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Real Skills. Real Opportunities.

Real Skills. Real Opportunities.

Students hone their courtroom skills trying a mock case.

Real Skills. Real Opportunities.

Real Skills. Real Opportunities.

Writing is integral to the Detroit Mercy Law curriculum beginning with the Applied Legal Theory and Analysis class in the first year.

Real Skills. Real Opportunities.

Real Skills. Real Opportunities.

Externships provide students real work experience.

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LEGAL WRITING INSTITUTE WORKSHOP HELD AT DETROIT MERCY LAW

On Friday, December 5, Detroit Mercy Law hosted a Legal Writing Institute Workshop with the topic, "Reaching, Teaching, and Employing Today's Evolving Law Student." The event was co-hosted by University of Windsor Faculty of Law.

Law students are changing. Most are from the "Millennial" and "Next Gen" generations, which approach the world, the use of technology, and the idea of collaboration and social interaction differently than previous generations. Students also are coming from increasingly diverse backgrounds, including those for whom English is not a first language and foreign-trained lawyers who are seeking advanced degrees from U.S. and Canadian law schools.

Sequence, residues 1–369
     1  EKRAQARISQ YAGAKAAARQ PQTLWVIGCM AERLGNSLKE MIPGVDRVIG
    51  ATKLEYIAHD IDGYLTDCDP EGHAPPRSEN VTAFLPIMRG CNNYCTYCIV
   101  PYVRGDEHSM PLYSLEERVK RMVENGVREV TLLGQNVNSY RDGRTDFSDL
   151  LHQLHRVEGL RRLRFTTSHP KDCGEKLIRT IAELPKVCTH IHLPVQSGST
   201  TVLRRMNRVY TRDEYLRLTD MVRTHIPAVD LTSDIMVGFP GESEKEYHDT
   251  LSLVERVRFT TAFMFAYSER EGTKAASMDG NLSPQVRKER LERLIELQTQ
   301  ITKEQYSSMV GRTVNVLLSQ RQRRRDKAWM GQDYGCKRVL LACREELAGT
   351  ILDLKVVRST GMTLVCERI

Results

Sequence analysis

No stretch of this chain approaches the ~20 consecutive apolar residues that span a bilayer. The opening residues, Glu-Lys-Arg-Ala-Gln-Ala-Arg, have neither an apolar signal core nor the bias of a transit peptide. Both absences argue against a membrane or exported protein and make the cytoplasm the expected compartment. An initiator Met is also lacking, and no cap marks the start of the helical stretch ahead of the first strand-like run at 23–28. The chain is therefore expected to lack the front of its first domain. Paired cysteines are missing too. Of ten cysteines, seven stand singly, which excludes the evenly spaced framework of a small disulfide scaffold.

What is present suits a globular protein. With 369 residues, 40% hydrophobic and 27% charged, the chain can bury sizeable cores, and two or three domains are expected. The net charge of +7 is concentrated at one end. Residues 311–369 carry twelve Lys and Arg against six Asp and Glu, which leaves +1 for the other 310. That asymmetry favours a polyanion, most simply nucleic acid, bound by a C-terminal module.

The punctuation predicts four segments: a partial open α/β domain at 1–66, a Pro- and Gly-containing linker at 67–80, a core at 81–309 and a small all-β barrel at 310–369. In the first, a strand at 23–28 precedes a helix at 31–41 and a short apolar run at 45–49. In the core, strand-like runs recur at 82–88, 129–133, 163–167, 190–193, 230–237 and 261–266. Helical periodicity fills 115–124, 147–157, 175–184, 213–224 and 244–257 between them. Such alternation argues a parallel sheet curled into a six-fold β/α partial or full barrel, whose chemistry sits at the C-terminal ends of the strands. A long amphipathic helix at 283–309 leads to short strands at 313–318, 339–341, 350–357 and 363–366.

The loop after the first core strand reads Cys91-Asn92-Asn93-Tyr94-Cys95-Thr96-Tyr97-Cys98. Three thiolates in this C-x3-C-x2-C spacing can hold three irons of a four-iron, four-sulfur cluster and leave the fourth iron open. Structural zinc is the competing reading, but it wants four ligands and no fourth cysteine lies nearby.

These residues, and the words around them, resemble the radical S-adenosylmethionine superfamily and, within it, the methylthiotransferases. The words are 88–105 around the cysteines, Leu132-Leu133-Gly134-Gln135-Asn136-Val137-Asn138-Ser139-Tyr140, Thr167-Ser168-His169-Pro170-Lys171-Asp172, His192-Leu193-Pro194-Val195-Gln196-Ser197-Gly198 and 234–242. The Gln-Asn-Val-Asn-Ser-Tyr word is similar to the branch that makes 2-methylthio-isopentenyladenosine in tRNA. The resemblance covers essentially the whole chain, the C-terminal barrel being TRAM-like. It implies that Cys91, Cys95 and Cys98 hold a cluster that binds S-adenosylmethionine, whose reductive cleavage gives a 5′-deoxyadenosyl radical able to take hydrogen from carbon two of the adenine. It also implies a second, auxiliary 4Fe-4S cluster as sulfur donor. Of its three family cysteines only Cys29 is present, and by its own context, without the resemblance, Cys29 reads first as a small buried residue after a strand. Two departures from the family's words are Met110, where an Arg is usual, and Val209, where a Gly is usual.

This conference provided a forum for educators and practitioners to better understand today's evolving law students and to discuss how teachers, employers, and students might change in order to keep pace with this evolution but also stay true to legitimate legal discourse and community expectations.

During the workshop, Detroit Mercy Law Professor Pamela V. Lysaght ('90) received an award presented by UDM Law Dean Phyllis L. Crocker for her many years of dedicated service to the legal writing community.  Linda L. Berger, President of the Legal Writing Institute, made special remarks recognizing Professor Lysaght, also.

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